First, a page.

Index funds and managed mutual funds have one key differerence: The former are passive, while the latter are active. Like the Wall Street equivalent of Type A overachievers, managed funds have well-paid managers studying the stock market universe, deciding which equities (or other investments) to buy and sell, and when and in what proportion. Meanwhile, index funds -- the market's couch potatoes -- simply mimic a certain index. If 5% of the index is made up of stock in Carrier Pigeon Communications (Ticker: SQAWK), then 5% of the index fund will be, too.

We tend to assume that index funds are passive, since there's very little decision-making going on. That's not quite true -- because the index itself is managed. It might not change too often, but its components can still get switched around from time to time. We recently got a fresh reminder of this reality when the venerable Dow Jones Industrial Average kicked out two companies, General Motors and Citigroup (NYSE:C), and replaced them with Cisco Systems (NASDAQ:CSCO) and Travelers (NYSE:TRV). Last year, AIG (NYSE:AIG) was ejected, making room for Kraft Foods (NYSE:KFT). Some companies have been removed from the index, only to be added back later, including Chevron (NYSE:CVX) and AT&T (NYSE:T).

No, no, anything but management!
Should you therefore avoid investment funds, since they bear the terrible stain of *shudder* management? Not at all. Investment thinkers from Fools to Warren Buffett have long suggested that index funds are perfect for most investors, since they deliver the market's average return at a low price.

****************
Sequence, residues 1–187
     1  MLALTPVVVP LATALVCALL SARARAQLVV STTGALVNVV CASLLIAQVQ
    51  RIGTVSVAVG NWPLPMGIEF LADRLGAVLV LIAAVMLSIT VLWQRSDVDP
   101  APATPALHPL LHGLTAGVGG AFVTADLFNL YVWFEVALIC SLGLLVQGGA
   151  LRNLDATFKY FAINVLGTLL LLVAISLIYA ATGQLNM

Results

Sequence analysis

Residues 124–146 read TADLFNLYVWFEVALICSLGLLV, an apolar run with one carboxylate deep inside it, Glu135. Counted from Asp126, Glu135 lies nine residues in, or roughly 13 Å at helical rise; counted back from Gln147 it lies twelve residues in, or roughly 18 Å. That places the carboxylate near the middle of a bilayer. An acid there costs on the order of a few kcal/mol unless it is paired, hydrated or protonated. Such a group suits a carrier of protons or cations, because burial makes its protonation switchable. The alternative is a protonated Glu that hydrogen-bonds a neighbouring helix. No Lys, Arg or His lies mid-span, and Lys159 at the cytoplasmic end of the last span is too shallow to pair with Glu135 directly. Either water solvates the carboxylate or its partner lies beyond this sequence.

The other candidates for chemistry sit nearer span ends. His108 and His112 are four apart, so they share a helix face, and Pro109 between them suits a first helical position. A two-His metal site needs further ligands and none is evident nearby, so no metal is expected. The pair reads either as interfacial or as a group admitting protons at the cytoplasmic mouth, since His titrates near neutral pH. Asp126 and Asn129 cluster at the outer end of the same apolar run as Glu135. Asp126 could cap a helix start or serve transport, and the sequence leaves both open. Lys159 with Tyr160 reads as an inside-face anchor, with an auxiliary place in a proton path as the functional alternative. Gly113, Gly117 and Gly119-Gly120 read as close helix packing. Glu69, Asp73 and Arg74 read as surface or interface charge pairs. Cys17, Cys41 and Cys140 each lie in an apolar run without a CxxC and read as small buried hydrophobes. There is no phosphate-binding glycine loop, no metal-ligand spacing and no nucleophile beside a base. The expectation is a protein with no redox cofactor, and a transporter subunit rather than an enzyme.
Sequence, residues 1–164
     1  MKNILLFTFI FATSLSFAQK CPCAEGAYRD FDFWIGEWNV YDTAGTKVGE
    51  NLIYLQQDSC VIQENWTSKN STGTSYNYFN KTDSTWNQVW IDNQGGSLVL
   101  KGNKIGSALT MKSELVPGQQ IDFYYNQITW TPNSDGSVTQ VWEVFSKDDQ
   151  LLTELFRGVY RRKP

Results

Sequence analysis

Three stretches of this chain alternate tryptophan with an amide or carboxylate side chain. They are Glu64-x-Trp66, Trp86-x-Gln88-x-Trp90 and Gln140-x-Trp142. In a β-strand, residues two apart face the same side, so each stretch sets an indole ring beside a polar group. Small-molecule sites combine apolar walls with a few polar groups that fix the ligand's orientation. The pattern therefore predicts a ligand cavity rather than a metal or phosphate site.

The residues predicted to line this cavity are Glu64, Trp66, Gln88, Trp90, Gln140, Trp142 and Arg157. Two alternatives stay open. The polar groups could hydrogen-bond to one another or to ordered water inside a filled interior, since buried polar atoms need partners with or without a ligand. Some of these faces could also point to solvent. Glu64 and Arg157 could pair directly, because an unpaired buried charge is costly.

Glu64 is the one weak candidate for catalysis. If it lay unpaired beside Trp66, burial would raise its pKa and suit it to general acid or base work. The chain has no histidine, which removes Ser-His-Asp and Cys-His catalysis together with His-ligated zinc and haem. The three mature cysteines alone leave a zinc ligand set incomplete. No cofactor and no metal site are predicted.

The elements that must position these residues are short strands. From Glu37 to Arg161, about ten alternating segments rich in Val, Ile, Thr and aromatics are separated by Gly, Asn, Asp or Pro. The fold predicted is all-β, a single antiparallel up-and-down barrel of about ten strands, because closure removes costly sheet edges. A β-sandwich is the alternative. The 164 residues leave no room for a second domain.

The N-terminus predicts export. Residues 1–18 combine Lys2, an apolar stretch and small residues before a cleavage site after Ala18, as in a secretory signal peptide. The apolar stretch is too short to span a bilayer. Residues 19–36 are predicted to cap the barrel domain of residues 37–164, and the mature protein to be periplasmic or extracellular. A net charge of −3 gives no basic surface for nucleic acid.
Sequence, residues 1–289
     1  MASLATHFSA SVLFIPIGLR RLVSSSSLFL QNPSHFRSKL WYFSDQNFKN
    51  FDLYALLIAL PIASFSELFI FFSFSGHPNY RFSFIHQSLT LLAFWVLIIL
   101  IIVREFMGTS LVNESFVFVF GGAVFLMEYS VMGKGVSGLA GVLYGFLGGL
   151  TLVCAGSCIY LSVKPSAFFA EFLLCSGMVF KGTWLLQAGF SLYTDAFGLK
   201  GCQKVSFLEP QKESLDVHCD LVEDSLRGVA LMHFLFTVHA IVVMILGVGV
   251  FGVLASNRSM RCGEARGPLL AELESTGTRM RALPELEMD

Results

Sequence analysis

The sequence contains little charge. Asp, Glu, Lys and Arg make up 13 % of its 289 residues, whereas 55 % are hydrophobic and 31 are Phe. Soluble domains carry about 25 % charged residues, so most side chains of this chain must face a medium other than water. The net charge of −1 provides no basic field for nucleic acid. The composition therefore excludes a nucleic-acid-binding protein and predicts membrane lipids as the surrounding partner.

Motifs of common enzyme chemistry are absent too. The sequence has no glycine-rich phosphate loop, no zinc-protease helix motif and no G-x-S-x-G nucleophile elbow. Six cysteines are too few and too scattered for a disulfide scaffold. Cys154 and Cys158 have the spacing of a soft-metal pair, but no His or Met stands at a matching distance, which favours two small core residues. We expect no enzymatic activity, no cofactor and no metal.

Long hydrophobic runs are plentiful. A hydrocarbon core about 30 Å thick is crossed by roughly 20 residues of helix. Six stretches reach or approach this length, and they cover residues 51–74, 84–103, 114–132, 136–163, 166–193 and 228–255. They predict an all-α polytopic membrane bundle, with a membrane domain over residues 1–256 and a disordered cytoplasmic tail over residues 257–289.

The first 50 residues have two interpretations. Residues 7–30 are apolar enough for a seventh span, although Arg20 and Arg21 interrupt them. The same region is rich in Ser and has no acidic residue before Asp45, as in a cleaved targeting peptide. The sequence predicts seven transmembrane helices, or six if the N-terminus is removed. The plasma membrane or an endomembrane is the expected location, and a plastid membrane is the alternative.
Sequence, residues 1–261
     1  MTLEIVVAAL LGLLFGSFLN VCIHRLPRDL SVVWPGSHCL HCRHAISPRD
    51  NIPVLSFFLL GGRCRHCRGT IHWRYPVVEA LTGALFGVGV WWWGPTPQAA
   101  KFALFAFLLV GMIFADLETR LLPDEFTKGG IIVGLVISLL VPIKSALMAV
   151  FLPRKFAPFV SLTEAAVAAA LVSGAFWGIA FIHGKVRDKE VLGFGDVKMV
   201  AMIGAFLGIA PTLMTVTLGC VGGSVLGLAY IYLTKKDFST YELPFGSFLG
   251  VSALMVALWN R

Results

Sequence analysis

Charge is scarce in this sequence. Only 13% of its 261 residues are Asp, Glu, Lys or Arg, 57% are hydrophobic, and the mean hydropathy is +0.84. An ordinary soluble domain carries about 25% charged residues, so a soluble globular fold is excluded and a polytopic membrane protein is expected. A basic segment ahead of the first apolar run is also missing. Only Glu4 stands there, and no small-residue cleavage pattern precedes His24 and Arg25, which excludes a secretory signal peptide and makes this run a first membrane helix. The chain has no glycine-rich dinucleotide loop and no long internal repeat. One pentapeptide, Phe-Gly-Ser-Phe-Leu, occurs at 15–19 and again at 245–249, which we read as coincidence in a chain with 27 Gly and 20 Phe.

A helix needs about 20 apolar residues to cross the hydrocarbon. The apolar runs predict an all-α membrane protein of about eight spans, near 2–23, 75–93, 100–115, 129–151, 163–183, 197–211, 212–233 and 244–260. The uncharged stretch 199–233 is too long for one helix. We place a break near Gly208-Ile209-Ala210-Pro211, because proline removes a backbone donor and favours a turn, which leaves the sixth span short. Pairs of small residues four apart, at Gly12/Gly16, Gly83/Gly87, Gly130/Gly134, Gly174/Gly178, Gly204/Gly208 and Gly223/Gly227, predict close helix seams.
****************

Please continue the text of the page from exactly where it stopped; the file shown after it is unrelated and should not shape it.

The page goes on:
Now, if you want to aim for a higher performance, you'll need to put your own thinking cap on and start managing your own money. You'll need to find top-notch managed mutual funds in which to invest, or a basket of solid and growing individual stocks -- or better yet, a combination of the two.

There's no shame in just opting for an index fund, though. Although they're not entirely passive, their dependability makes them great investments, especially if you don't have the time or inclination to search out better choices.

A manageable amount of further Foolishness:

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Longtime Fool contributor Selena Maranjian does not own shares of any companies mentioned in this article. Kraft is a former Motley Fool Income Investor pick. The Motley Fool is Fools writing for Fools.